Fashion Is Your Business

It is often considered to be fun, frothy and frivolous. The obsession of the young, those with disposable income, wanting the newest trends as quickly as possible. Yes, fashion often gets a bad press from those who consider clothes to be a functional necessity rather than an obsessive passion. Those who indulge, and indeed love fashion can be labelled shallow, but, in reality, there is so much more to fashion than simply getting a ‘look’.

The Fashion Industry is one of the crowning glories of the British Economy, with London Fashion Week now firmly entrenched amongst the most important in the fashion calendar. It has been estimated that more than 105,000 visitors attended the shows and off schedule events at last years Autumn Fashion week in London, and this, in turn generated an estimated 269million in revenue, making it second only behind New York in terms of profit. This is no mean feat in challenging times. Tie this in with the respect and veneration that some of our greatest fashion exports are held, the likes of Vivienne Westwood, Victoria Beckham, Giles Deacon and Marchesa are all British born talent, with Osman, Alice Temperley and Molly Goddard all generating excitement (and A list fans) as their products are displayed on red carpets all around the world. Clearly the fashion industry is more than fun and frivolous.

But as the fashion industry grows, the nature of the selling of High Street Fashion changes. We are seeing more pop up shops and collectives, as shop fittings for temporary stores become more affordable and portable, meaning they can be moved from place to place as small businesses move around.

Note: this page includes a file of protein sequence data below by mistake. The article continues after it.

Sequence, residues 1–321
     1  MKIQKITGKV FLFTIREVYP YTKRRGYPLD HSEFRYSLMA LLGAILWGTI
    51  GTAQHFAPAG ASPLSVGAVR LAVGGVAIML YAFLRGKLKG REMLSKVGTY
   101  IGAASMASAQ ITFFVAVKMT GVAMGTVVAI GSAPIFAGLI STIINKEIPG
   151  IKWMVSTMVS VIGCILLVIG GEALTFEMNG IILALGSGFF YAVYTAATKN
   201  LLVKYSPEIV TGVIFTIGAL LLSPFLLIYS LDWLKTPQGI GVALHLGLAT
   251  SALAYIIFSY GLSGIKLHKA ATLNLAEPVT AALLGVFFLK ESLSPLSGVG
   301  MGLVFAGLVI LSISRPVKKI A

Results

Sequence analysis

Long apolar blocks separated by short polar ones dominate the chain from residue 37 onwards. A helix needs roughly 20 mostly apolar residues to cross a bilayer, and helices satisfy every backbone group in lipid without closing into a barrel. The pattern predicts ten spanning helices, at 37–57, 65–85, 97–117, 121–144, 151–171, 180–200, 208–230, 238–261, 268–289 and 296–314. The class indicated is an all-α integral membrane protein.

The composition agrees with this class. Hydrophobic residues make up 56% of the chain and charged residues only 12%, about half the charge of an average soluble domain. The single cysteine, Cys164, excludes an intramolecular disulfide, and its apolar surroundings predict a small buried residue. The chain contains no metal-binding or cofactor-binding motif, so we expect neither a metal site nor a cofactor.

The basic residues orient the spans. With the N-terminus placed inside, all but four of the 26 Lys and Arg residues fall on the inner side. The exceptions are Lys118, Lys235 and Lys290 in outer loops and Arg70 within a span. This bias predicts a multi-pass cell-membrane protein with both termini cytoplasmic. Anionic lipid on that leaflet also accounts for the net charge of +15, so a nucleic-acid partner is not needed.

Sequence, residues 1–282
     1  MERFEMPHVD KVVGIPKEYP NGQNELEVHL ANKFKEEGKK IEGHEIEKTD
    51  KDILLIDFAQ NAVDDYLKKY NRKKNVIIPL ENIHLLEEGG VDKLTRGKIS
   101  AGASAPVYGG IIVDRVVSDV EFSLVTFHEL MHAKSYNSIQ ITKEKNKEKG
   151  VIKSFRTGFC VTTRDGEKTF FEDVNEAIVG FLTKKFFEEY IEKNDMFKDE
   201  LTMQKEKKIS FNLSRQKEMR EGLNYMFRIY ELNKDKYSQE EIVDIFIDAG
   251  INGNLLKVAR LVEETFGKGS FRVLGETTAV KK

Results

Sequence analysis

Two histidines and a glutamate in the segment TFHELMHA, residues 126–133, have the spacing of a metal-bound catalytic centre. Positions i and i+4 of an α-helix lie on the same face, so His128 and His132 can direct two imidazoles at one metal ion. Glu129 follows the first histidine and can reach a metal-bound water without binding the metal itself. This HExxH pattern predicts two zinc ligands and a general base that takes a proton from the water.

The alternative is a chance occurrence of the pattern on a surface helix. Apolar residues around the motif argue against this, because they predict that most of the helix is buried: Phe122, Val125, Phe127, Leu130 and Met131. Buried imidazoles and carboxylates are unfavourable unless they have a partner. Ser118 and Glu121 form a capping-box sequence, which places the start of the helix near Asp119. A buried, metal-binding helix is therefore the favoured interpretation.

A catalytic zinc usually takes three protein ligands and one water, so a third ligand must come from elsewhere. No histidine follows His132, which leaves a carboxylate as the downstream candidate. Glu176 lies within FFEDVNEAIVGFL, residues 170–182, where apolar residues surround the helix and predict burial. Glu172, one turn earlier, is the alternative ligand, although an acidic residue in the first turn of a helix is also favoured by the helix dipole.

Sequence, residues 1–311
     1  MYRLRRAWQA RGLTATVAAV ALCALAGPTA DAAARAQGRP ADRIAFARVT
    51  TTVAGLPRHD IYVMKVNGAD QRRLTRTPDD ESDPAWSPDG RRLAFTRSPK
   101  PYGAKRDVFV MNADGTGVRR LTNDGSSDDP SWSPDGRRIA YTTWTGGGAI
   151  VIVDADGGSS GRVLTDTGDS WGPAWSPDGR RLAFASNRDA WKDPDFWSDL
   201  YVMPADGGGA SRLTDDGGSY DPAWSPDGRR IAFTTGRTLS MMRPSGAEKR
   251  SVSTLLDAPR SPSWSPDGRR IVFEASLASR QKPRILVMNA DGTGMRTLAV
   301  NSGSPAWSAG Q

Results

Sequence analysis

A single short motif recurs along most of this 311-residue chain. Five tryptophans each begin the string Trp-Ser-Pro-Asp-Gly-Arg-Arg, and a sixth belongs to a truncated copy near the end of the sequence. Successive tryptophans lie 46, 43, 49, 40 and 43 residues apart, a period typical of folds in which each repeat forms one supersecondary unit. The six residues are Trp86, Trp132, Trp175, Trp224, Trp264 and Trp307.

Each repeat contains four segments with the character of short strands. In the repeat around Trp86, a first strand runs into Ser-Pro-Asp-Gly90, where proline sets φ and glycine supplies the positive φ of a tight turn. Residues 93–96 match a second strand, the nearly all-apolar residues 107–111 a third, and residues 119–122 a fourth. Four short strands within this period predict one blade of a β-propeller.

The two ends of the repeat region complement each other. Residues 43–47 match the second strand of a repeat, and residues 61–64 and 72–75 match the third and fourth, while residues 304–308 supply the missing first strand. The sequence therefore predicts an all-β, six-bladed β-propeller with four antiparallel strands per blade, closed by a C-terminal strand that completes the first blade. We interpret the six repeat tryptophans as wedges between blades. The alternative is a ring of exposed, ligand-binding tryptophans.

Fashion is also becoming much more universal in terms of entrepreneurship and business. As the High Street continues to struggle, more and more individuals and independents are starting small businesses and online stores that offer something different from the general High Street fare. Ebay and Etsy stores are becoming increasingly popular, selling a range of fashion products from independent designs to trendy imports that tap into the market. It is becoming far easier to make online stores look attractive and professional, using acrylic display units for jewellery and accessories in order to market your products is now an effective way to add sales.

Plus size stores that avoid the usual cliches of tents and butterflies are also a new and attractive business idea, with the added help that companies like TNT, who consider fashion to be important, giving lots of sound advice on issues like packing your items for delivery, transporting items safely, and even hosting your own fashion show, all important ways of getting your own small business out there onto the fashion radar.

SJP Front row

Whether you look at fashion from a designer point of view, or from the point of view of an etsy store holder taking their first tentative steps into the industry, it is clear that far from being frivolous, fashion truly is big business. All this, and fabulously stylish too.

Has plus size fashion finally broken the size barrier?